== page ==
And here's a kid example.  The color is much brighter, because they dried for a week before we washed them; plenty of time for a nice stain to set into the fabric.  And you'l notice that the white lines are a bit shiny, because the glue is still there.  The kids were happy either way, and this kept the color nice, so we went with this method.

Overall, I'm really happy with these results.  I've been wanting to do a faux batik lesson with kids for years, but I never quite found my groove with it.  I've tried this similar technique on paper before with mixed results, and I've tried the chalk and glue method too.  Here's a link to the Frank Lloyd Wright project I did a few years back.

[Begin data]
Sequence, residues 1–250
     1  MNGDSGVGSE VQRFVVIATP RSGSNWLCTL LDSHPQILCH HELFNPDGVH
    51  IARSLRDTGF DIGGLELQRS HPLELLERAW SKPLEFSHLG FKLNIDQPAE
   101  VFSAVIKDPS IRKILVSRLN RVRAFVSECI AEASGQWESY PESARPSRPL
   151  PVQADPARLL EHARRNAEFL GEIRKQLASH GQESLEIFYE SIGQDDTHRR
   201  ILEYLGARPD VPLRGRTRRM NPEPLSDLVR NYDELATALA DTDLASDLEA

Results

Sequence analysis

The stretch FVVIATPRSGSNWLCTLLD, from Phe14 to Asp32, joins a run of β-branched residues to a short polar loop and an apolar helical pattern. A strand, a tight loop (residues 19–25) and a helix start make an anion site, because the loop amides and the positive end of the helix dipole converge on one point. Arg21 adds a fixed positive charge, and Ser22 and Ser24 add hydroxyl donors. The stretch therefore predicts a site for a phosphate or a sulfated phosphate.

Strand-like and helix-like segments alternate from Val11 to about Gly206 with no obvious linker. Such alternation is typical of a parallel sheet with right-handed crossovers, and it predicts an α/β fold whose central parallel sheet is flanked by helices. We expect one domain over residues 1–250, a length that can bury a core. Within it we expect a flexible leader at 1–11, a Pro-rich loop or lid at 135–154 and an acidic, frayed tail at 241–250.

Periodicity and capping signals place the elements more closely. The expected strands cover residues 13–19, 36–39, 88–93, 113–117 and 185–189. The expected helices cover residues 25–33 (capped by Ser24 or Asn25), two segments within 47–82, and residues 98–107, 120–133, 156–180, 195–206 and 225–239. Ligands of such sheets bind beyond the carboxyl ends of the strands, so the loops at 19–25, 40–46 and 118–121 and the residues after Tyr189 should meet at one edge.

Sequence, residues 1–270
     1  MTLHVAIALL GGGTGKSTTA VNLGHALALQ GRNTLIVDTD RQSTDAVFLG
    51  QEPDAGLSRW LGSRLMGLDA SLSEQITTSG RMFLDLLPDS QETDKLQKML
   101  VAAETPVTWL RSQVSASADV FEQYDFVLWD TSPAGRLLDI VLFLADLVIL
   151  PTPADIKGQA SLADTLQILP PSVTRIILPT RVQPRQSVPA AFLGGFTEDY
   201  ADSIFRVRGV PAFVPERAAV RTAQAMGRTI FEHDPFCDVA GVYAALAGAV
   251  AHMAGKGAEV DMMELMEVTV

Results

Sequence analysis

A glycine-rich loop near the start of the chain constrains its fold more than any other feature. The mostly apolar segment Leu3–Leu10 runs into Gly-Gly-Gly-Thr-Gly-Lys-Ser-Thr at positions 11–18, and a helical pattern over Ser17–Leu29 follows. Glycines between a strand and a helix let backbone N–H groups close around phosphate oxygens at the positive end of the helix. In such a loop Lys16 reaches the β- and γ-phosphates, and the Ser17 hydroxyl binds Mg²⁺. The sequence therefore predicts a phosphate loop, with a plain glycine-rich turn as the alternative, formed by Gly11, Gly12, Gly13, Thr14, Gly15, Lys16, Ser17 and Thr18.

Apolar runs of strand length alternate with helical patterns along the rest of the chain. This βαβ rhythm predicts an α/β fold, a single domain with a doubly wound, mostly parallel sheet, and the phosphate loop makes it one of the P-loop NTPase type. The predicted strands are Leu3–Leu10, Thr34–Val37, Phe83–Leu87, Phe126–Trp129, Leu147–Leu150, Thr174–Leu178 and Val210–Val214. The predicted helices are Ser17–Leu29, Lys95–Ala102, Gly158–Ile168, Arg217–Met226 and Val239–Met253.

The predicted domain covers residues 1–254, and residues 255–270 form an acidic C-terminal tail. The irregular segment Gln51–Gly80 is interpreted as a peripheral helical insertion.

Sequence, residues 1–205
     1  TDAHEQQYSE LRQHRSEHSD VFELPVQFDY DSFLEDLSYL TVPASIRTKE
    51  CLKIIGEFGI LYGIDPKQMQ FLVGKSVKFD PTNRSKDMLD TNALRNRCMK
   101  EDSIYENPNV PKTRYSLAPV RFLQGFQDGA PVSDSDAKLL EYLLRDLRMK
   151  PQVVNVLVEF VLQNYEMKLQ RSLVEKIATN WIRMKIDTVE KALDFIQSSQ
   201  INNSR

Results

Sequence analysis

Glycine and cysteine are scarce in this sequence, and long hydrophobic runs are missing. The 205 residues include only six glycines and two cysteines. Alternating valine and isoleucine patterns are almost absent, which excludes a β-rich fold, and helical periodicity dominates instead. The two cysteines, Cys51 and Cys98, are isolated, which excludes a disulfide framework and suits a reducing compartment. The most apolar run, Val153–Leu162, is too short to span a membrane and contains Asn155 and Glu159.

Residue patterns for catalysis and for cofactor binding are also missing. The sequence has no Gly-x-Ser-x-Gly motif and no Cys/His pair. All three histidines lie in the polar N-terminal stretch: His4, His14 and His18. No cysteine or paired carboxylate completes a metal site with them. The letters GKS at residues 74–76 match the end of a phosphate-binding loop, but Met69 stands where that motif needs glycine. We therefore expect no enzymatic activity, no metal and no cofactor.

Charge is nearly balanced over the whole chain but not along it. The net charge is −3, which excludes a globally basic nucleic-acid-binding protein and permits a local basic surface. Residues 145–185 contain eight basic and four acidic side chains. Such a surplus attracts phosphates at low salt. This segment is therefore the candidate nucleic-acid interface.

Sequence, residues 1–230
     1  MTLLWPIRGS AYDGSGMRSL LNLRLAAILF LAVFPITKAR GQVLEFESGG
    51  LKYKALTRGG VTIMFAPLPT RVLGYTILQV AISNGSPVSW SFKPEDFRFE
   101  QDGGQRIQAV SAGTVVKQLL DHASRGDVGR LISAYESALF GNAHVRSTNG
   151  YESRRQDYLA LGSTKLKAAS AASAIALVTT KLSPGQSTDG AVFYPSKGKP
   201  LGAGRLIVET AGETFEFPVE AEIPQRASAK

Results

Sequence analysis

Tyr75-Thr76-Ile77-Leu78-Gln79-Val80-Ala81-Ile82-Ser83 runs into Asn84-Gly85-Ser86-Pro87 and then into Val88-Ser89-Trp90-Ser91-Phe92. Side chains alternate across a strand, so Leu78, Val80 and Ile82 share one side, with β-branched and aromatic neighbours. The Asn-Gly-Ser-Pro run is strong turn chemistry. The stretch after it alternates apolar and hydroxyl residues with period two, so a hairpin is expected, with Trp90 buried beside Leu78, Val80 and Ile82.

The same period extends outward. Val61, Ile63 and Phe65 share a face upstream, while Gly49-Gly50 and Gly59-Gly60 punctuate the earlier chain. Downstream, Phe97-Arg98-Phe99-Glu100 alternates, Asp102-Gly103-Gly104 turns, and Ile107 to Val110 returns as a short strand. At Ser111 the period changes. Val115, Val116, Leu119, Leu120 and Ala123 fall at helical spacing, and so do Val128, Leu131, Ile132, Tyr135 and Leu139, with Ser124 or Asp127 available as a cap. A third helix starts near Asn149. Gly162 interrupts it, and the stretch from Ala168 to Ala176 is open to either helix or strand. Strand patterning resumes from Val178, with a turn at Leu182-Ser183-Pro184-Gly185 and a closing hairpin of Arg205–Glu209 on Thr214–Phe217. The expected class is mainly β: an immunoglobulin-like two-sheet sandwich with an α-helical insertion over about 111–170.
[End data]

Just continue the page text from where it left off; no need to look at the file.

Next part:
It is also noteworthy that if you are doing this with older kids or for yourself, you might want to try Cleanline Resist instead of glue.  It's designed more for batik.


I used a brush to apply the resist to fabric, testing how much detail I would get, and what difference the thickness of the applied resist would make.  You could then use the tempera method described above, or dye of some kind.  You might want to try the Inkodye.  It's a light sensitive dye which can be used for anything from batik to t-shirts, to faux cyanotypes.  I added the dye over my resist, laid it out in the sun and then washed in the sink.  Here's the result:


Because I'm a photography nerd as well, I am gonna have to try this with film negatives!  The instructions make it look super easy.  Now I just have to wait for the SUN TO COME OUT!  :)


Let me know about your experiments with batik!